San Vicente Department

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San Vicente
Department
San vicente els.jpg
Flag of San Vicente
Flag
Coat of arms of San Vicente
Coat of arms
Location within El Salvador
Location within El Salvador
Coordinates: 13°31′34″N 88°45′07″W / 13.526°N 88.752°W / 13.526; -88.752Coordinates: 13°31′34″N 88°45′07″W / 13.526°N 88.752°W / 13.526; -88.752
Country  El Salvador
Created
(given current status)
1824
Seat San Vicente
Area
 • Total 1,184.0 km2 (457.1 sq mi)
Area rank Ranked 11th
Population
 • Total 172,489
 • Rank Ranked 13th
 • Density 150/km2 (380/sq mi)
Time zone CST (UTC−6)
ISO 3166 code SV-SV

San Vicente is a department of El Salvador in the center of the country. The capital is San Vicente. On October 4, 1834, San Vicente City of Austria and Lorenzana (Ciudad de San Vicente de Austria y Lorenzana) was made the capital of State of El Salvador during the Federal Republic of Central America. In 1840, it stopped to be the capital of the State of El Salvador but it continues to be of the department. The department was created on June 12, 1824. The San Vicente department has 1,184 km² and a population in excess of 172,000.

Municipalities[edit]

  1. Apastepeque
  2. Guadalupe
  3. San Cayetano Istepeque
  4. San Esteban Catarina
  5. San Ildefonso
  6. San Lorenzo
  7. San Sebastián
  8. San Vicente
  9. Santa Clara
  10. Santo Domingo
  11. Tecoluca
  12. Tepetitán
  13. Verapaz

History[edit]

During the Salvadoran Civil War, the region was considered a stronghold for the rebel Farabundo Martí National Liberation Front. In August 1982, the Salvadoran Army began a campaign in the area, moving in with ground troops after several days of bombing. On August 21–22, the Atlacatl Battalion surprised a group of hundreds of refugees at El Calabozo beside the Amatitán river, opening fire at close range. More than two hundred are reported to have died, among them infants and elderly, leading the incident to be called El Calabozo massacre.[1][2]

Volcano Of San Vicente[edit]

One of the most beautiful and imposing volcanoes of the coastal chain is the Chinchontepec or volcano of San Vicente, located in the confines of the department of the same name. Its almost perfect cone, as sugar pile, finishes off in two hill tops and this peculiarity gives origin to its nahuat name “Hill of two tits”.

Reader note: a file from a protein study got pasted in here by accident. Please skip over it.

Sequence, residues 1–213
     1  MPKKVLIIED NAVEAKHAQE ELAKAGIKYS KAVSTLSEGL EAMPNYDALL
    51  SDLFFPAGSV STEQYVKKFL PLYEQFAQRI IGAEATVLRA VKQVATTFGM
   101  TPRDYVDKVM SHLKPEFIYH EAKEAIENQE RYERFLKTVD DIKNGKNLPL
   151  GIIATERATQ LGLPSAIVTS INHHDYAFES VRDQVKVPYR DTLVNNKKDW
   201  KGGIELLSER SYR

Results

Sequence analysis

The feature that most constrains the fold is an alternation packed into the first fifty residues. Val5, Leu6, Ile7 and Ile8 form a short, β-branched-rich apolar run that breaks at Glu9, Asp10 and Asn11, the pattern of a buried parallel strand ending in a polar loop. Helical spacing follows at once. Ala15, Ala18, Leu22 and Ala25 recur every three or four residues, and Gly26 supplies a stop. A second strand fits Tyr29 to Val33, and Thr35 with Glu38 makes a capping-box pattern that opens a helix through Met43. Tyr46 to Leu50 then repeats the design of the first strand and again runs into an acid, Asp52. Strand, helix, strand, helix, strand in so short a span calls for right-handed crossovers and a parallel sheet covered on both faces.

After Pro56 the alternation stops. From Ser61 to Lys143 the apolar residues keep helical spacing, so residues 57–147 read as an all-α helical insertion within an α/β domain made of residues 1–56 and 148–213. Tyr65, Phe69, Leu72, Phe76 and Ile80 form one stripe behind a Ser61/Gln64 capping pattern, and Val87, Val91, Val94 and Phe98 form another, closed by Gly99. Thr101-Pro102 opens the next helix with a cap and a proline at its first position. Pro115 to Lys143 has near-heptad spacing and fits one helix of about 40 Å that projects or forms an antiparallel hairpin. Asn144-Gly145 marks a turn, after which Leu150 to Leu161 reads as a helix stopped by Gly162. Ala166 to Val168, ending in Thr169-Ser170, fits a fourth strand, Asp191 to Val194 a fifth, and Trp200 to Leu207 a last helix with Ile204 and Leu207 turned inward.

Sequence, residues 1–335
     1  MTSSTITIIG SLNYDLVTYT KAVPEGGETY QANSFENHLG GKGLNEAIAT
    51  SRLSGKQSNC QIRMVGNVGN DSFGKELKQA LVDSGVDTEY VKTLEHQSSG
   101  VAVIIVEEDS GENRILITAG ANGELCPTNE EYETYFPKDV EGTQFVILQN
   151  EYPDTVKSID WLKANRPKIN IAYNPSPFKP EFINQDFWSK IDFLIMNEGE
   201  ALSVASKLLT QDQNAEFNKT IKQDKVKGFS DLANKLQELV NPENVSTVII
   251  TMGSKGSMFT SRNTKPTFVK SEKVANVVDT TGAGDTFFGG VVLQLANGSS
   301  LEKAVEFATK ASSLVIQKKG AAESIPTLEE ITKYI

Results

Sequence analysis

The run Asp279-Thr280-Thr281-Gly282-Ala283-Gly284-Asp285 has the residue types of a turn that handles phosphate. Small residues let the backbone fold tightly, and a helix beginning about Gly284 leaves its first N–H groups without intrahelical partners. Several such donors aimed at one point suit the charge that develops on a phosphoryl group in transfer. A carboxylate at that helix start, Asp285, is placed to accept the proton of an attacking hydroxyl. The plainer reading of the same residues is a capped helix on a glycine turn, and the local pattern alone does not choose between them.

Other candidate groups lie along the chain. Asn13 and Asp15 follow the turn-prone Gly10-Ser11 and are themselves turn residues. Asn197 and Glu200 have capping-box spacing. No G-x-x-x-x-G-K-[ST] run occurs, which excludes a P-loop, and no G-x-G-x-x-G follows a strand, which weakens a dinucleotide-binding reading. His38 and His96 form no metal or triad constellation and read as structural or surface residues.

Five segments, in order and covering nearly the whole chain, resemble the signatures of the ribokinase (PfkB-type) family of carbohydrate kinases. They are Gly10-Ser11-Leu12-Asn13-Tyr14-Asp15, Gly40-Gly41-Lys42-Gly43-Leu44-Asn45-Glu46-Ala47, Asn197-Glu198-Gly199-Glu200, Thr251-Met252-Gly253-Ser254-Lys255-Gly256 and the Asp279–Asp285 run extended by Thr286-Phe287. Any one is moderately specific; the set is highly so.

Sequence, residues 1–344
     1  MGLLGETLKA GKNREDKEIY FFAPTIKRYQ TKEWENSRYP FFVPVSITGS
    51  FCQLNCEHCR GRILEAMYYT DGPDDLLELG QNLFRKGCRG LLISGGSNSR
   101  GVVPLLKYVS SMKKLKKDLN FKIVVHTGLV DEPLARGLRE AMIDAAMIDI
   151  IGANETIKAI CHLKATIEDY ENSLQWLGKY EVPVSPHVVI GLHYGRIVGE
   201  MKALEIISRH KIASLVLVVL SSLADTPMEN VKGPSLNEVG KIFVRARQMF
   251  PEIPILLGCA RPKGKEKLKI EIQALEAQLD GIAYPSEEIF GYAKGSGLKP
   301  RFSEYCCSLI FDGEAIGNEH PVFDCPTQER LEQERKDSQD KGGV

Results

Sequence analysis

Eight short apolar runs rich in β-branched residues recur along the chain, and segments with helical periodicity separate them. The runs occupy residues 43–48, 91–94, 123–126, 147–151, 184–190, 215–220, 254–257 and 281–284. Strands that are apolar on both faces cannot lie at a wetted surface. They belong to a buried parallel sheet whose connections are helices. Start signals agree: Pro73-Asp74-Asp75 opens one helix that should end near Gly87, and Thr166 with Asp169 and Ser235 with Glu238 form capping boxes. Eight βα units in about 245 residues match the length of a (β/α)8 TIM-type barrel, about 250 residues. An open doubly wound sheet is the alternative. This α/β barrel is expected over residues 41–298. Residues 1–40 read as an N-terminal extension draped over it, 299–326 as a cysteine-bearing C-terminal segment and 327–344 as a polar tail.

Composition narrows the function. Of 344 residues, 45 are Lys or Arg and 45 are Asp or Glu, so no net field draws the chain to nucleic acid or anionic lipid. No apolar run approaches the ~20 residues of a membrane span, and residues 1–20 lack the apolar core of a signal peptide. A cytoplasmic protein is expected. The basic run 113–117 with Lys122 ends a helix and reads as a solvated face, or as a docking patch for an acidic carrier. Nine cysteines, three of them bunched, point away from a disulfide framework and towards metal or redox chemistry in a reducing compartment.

The oriental summit was called “volcano of Zacatecoluca”, is the highest one at 2,173 meters over sea level and it presents a well formed and conserved crater whose bottom at 1,990 meters has a swamp in the stormy season.

The western summit, smaller at 2,083 meters, exhibits an open crater to the east.

Dense vegetation covers both summits. To the northeast, at 820 meters in a ravine of 180 meters of longitude, there are fumaroles; fountains of clear and muddy water or small volcanoes of mud. The most important is to the south of the geological fissure. These groups of phenomenon of geological action are called “infiernillos”. In them, the water is at temperatures of 60°C to 98°C and they contain great quantities of water vapor, sulfuric acid, sulfuric hydrogen, and carbonic acid.

The Valley of Jiboa expands to the northeast and north of the western summit. It is also called Valley of Millers.

Chichontepec Volcano has also in the midst of the valley, an important archeological site called "Tehuacan." This was a place of adoration to the aztec gods, and the found structures demonstrates the type of hierarchical organization their tribes had.

Art Crafts[edit]

San Vicente is famous for the variety of typical sweets elaborated with coconut preserves, nance, and tamarindo. In San Esteban Catarina, sweets of panela and pilon sugar are manufactured. San Sebastian is very famous for its textile production.

References[edit]

  1. ^ "La masacre que quedó impune en El Salvador" (in Spanish). BBC News. August 22, 2012. Archived from the original on November 4, 2012. Retrieved November 4, 2012. 
  2. ^ "El Salvador: Killed in cold blood on the banks of the river at El Calabozo". Amnesty International via UNHCR. August 22, 2012. Archived from the original on November 4, 2012. Retrieved November 4, 2012.